SVET Markets Weekly Update (November 14, 2022)
This week brought to us a long-awaited correction, sparkled by the FTX debacle.
BTC, which was hold above 18th line for almost 5 months by corporate traders and whales, suddenly give in and went below 16th. All other coins promptly mirrored BTC move, but more violently, with some of them crashing more than 50 percent.
Here’s how events developed:
Tuesday, November 8, crypto markets tumbled on Binance purchasing FTX news, which send prices below 17th for a few minutes. BTC recovered fast (to ~18500) but most small traders felt themselves out of guidance and traded emotionally.
In the next 24 hrs the next package of disturbing news hit the markets. It turned out that FTX is insolvent and CJ is urgently getting out of the FTX deal. After that BTC penetrated 18K resistance as a bullet — pancake. Prices of other coins avalanched far below their monthly levels of resistance triggering the strong over-sold signals on all technical charts.
Moments like that, when some unexpected turn of events start a crypto markets turmoil while economic fundamentals stay the same usually present good buying opportunity for speculators. That what had happened this time leading to an extraordinary (for the past 6 months) volatility on all major coins / USD pairs.
TimeLine: Mon — UP, Tue — CRASH, Wed — CRASH and BUY, Thu — UP and SELL, Fri — DOWN, Sat — DOWN and WAIT. Now prices of leading coins stabilize on their mid-October levels (preceding the post-FOMC-meeting pump).
The upcoming week promises to be the busy one for traders. We will watch for the following macroeconomic updates:
Producer Price Index (PPI) for October issued on Tuesday, November 15 by Bureau of Labor Statistics (BLS);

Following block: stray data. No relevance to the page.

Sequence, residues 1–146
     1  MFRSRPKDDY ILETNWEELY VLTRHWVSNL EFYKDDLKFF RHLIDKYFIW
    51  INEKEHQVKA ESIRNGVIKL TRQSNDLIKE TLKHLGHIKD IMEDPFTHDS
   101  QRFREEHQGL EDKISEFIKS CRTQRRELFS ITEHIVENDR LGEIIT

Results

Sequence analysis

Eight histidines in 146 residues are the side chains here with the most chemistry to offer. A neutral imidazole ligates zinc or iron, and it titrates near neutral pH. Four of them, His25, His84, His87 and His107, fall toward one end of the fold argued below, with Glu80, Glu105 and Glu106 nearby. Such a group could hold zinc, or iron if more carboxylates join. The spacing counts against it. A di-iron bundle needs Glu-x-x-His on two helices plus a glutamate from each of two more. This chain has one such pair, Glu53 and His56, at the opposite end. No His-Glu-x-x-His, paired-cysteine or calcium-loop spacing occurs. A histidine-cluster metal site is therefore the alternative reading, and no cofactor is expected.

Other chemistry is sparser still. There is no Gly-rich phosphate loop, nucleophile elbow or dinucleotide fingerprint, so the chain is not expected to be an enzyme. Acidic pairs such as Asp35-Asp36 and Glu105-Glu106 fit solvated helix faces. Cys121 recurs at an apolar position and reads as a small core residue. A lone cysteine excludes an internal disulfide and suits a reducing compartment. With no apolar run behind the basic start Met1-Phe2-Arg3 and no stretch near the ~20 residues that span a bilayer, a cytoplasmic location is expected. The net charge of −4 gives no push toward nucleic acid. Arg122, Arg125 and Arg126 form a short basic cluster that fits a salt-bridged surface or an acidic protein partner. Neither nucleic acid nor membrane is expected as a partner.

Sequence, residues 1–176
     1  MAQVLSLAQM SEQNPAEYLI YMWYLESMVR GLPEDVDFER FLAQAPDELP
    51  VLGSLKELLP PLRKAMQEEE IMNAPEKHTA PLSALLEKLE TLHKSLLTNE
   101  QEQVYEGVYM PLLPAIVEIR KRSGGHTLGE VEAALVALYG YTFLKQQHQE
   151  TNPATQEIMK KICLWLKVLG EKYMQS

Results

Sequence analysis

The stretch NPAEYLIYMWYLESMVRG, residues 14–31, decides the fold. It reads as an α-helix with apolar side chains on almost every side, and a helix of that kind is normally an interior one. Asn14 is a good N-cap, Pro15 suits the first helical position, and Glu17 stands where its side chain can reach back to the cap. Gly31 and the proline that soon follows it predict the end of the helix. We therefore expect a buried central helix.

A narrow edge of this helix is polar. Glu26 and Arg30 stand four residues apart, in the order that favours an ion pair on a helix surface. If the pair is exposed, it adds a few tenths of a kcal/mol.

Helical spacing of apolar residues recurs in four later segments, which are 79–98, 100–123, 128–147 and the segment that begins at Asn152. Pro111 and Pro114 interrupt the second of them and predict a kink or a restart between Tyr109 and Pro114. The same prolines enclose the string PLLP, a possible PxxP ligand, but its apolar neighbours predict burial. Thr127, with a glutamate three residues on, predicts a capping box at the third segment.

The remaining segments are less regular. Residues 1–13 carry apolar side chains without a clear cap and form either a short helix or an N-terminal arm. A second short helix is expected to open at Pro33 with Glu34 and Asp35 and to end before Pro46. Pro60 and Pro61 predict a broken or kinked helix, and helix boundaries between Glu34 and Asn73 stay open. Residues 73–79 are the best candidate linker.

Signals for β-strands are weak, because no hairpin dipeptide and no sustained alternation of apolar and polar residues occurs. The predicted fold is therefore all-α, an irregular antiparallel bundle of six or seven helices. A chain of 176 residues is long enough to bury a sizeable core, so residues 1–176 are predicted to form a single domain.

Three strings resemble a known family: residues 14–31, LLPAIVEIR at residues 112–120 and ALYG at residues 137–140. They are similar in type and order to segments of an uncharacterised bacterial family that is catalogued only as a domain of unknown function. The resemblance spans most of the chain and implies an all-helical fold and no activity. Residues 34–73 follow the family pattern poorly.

October Retail Sales estimates from Census Bureau coming out on Wednesday, November 16;
At Thursday, November 17 — New Housing Starts and Building Permits (both for October issued by Census Bureau);
Housing market statistics will be complemented at Friday, November 18 by National Association of Retailers coming out with their Existing Home Sales estimates for the month of October.
The Producer Price Index continues to top up in September when it increased for 0.4 percent (month-over-month) after sliding back two previous months. In April 2020 PPI decoupled from its more or less gradual rise (during the preceding two decades PPI went up from its lowest 100 to ~115 in 2020). Then, in 12 months, it exploded from ~115 to the recent height of ~140.
Although CPI is more popular with FOMC elderly hypocrites, while setting their anti-prosperity policies, watching PPI (which is basically a measure of wholesale inflation) might provide important early clues on the direction retail prices go in a nearest future.
For September cost of services rose 0.4 percent, including traveler accommodations jumping 6.4 percent. Other notable increases in prices for services include: food retailing (2.6 percent), portfolio management (2.1), machinery and vehicle wholesaling (1.5).
On a cost of goods’ side overall pricing went up 0.4 percent, including: food (1.2 percent, specially for fresh and dry vegetables — 15.7 percent and chicken eggs — 16.7 percent); also for diesel fuel (9.1) and residential gas (2.6). On the other side, gasoline prices went down 2 percent.
PPI increased to 8.5 percent (on a yearly basis) in September. Forecasters expect October increase to be 0.3 percent (0.4 percent reported by BLS in previous month).
After the Retail Sale index skyrocketed spectacularly in 2020 rising from ~ -15 percentage in April to ~ +20 May its month-to-month fluctuations were gradually cut down reduced to +/- 2–3 percentage at its picks (with a notable exception of Feb-May 2022 period when index jumped for almost 15 percent on a war uncertainties).
For a reference, the previous historical periods, when such extraordinary disturbances in retail sales occurred, were in September 2001 (911), when index went up and down for more than 8 percent (on a monthly basis) and in 2008 during the mortgage debts debacle, when index change was in range 6–7 percentage.
In September 2022 retail sales registered no growth (index = 0) while market analytics expectations put it to 0.2 percent. Obviously, Powell made it difficult for consumers to take on credits by sharply rising borrowing costs. Not to mention that rising energy prices, which FOMC can’t control even in theory, is progressively factoring into peoples decision to tighten their purses.